With an unprecedented number of healthcare provider mergers and acquisitions in recent years and new requirements being ushered in with the Affordable Care Act, healthcare professionals are in a constant state of technology systems transition. Though replacing a legacy system can be necessary and even beneficial to patient care or a hospital’s bottom line, times of transition deeply impact the people these organizations are relying on to provide quality care and keep the healthcare organization running efficiently.
To consider the implementation of a new system a success, you need to do more than make it to launch day on time and under budget. Your employees—the intended users of the new technology—need to understand the “why” behind the switch and actually use the system as intended with their sanity intact. In my experience, this can only be accomplished by engaging your people and giving them a voice at every step in the process.
Before selecting a new system for your hospital or healthcare organization, it is essential to get the right people at the table to create a roadmap for the transition process. Be sure to involve and gather feedback from:
- Employees who can think critically about workflow efficiencies so you can ensure that you aren’t carrying bad practices forward with the new system.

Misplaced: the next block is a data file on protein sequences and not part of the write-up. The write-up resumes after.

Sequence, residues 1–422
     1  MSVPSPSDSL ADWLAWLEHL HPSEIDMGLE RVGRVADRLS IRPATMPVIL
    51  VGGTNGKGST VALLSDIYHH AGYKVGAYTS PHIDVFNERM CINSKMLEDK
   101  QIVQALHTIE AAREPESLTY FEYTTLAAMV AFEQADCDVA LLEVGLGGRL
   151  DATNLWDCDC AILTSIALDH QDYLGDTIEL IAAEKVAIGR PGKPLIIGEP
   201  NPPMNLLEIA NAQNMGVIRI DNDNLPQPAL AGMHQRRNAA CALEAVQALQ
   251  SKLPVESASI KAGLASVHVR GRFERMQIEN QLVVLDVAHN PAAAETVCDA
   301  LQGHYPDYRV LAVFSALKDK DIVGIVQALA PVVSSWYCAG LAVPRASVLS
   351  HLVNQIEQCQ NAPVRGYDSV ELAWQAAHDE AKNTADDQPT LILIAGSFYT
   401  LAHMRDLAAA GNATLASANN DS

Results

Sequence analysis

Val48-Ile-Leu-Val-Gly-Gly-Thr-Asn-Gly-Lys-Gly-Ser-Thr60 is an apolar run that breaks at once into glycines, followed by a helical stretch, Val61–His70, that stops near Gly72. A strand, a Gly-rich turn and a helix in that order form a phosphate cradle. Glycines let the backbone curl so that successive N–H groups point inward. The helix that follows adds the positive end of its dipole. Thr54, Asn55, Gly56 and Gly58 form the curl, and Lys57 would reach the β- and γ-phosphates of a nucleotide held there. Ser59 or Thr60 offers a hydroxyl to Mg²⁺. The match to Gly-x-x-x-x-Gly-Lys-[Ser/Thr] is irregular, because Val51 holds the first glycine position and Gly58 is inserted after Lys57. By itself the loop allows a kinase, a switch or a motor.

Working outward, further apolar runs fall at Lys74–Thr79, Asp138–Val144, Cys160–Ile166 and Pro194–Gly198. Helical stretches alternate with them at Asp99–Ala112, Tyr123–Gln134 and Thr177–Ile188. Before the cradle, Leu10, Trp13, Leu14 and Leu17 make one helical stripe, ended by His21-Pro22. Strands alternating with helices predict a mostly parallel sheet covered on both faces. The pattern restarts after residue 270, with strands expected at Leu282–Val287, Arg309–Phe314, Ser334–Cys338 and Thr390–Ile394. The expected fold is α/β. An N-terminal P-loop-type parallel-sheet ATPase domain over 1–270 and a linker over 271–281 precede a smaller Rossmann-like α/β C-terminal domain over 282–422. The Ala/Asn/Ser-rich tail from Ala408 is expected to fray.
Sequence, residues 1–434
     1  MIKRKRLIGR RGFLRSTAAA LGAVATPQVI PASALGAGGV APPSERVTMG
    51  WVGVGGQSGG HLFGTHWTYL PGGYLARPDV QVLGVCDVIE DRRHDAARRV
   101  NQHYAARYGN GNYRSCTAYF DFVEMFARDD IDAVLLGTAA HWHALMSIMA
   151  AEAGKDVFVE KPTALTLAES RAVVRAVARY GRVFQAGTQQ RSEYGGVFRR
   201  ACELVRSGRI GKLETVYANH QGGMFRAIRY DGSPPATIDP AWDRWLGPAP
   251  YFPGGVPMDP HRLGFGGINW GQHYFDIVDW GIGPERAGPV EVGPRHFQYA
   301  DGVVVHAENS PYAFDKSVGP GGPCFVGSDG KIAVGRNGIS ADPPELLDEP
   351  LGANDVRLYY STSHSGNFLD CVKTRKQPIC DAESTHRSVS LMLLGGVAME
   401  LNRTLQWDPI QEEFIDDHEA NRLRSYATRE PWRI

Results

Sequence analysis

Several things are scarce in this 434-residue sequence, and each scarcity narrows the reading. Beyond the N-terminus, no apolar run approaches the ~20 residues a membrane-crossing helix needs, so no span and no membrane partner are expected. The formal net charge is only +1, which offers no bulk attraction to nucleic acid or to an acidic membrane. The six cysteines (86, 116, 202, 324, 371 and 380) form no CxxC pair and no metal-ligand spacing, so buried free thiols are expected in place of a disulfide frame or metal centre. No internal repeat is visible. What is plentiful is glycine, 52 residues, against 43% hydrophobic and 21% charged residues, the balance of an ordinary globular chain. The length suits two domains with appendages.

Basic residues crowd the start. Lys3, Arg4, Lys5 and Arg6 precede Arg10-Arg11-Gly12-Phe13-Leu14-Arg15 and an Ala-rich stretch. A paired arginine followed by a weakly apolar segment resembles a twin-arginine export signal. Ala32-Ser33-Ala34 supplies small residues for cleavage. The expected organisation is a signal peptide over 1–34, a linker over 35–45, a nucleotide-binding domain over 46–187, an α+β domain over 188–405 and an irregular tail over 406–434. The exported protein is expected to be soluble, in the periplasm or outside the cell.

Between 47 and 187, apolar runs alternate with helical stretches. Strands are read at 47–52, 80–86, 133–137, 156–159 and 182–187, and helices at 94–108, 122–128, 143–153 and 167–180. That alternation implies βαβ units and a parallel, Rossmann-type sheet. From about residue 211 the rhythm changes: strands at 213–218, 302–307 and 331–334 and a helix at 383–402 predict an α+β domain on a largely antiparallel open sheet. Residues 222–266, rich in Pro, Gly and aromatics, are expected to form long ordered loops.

- People who are highly knowledgeable about the current technology in place and its limitations. They will have invaluable insights into problems that any future systems need to solve.
- Anyone who has a vested interest in the new system. If the new technology is clinical in nature, you need to make sure physicians and nurses have a voice. If it’s a change in back-office technology, human resources professionals or accountants who will use this technology regularly will need to be invited into the conversation.
- Any department who will deal with a heavier-than-normal workload during the parallel running process or launch.
These groups have the expertise and high levels of investment to help your executive team document your current process, find the right technology to replace your legacy system, determine real costs, and set a reasonable timeline.